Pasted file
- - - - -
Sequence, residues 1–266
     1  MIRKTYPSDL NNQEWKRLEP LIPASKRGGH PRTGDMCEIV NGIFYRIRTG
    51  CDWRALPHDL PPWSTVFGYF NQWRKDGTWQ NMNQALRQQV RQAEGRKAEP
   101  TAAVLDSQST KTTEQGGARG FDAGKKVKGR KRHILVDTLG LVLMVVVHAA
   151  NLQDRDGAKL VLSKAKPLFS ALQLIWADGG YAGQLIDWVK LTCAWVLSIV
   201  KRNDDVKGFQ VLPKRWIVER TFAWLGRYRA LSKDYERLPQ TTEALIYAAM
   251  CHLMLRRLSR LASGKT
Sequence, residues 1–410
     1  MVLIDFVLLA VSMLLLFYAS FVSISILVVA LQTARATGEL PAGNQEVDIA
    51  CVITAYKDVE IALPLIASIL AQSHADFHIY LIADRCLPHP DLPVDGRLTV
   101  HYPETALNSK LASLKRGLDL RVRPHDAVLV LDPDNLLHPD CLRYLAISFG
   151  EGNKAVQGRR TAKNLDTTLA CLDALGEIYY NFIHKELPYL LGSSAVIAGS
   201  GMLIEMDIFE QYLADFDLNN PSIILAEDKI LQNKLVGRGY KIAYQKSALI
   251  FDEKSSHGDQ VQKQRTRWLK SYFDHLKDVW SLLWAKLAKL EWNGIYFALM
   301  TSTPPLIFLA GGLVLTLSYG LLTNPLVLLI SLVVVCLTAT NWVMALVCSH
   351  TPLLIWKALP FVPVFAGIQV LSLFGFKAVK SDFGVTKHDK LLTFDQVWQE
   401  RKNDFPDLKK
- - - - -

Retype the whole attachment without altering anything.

Sequence, residues 1–266
     1  MIRKTYPSDL NNQEWKRLEP LIPASKRGGH PRTGDMCEIV NGIFYRIRTG
    51  CDWRALPHDL PPWSTVFGYF NQWRKDGTWQ NMNQALRQQV RQAEGRKAEP
   101  TAAVLDSQST KTTEQGGARG FDAGKKVKGR KRHILVDTLG LVLMVVVHAA
   151  NLQDRDGAKL VLSKAKPLFS ALQLIWADGG YAGQLIDWVK LTCAWVLSIV
   201  KRNDDVKGFQ VLPKRWIVER TFAWLGRYRA LSKDYERLPQ TTEALIYAAM
   251  CHLMLRRLSR LASGKT
Sequence, residues 1–410
     1  MVLIDFVLLA VSMLLLFYAS FVSISILVVA LQTARATGEL PAGNQEVDIA
    51  CVITAYKDVE IALPLIASIL AQSHADFHIY LIADRCLPHP DLPVDGRLTV
   101  HYPETALNSK LASLKRGLDL RVRPHDAVLV LDPDNLLHPD CLRYLAISFG
   151  EGNKAVQGRR TAKNLDTTLA CLDALGEIYY NFIHKELPYL LGSSAVIAGS
   201  GMLIEMDIFE QYLADFDLNN PSIILAEDKI LQNKLVGRGY KIAYQKSALI
   251  FDEKSSHGDQ VQKQRTRWLK SYFDHLKDVW SLLWAKLAKL EWNGIYFALM
   301  TSTPPLIFLA GGLVLTLSYG LLTNPLVLLI SLVVVCLTAT NWVMALVCSH
   351  TPLLIWKALP FVPVFAGIQV LSLFGFKAVK SDFGVTKHDK LLTFDQVWQE
   401  RKNDFPDLKK